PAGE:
the depot. Through the interpreter I asked him if his car
was for sale. He wanted ocho hundred dollars for it.
responded with “Cuatro.”, and we settled on cinco
($500). I told him I needed to run the VIN in San Diego and
would be back to him in a couple of days with the
money. A nice lady at the DMV told me the Trans Am had last been
registered in California in 1974 and that it wasn’t
stolen. I was getting visions of driving the ’69 T/A along
Southern California’s beaches in the near future.
|As promised I was back at the "TJ"
bus depot a couple of days later. Faustino had the title and
we went to a Mexican notary public to get the documents
legitimized. Once that was done and the money had changed
hands, we were back at the T/A to get it started. Faustino
first flipped a toggle switch under the dash, goosed the gas
pedal half a dozen times, then crawled under the car with a
large screwdriver covered with arc burns. After
several attempts the Ram Air III engine coughed to life.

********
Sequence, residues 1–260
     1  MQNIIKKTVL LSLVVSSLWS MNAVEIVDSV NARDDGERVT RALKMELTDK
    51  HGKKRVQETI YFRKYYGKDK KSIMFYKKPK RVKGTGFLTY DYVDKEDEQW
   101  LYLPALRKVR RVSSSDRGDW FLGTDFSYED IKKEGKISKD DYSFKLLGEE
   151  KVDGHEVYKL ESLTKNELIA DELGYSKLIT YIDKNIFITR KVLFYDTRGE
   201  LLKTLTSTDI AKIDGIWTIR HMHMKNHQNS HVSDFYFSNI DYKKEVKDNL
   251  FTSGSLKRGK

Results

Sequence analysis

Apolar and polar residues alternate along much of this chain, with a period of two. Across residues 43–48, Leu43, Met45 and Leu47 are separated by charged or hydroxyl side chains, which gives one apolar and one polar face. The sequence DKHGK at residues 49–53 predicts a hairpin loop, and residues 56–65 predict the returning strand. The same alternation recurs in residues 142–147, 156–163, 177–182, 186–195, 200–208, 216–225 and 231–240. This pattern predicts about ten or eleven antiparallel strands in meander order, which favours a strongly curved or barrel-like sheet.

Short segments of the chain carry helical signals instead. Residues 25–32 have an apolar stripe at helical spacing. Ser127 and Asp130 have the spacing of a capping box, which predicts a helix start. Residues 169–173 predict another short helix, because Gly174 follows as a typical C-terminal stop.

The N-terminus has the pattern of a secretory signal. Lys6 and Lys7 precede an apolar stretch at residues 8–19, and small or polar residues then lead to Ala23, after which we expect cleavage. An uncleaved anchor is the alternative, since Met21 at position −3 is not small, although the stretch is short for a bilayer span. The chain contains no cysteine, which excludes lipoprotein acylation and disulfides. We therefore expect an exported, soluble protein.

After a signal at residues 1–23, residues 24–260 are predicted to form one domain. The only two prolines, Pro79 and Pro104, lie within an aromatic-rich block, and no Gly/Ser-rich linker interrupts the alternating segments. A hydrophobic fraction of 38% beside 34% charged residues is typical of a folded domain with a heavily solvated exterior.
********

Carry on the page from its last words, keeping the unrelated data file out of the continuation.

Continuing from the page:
Aside from the incredibly rough idle, large cloud of blue
smoke, and un-muffled exhaust, it ran perfectly. With its
huge Holley carburetor and Weiand X-CELerator manifold its
gas pedal was like an ON-OFF switch…a real driver’s car.
I put it in gear and quickly worked my way to the border
crossing. The engine died many, many times as I inched
the car through the long line of cars waiting to cross, and
I felt bad about causing so much pollution to the fragile
Southern California atmosphere. Finally I was up to the
front of the line. The customs agent told me to shut the
engine off and thanked me when I did. It wouldn’t restart;
so several agents helped me push it to the parking lot.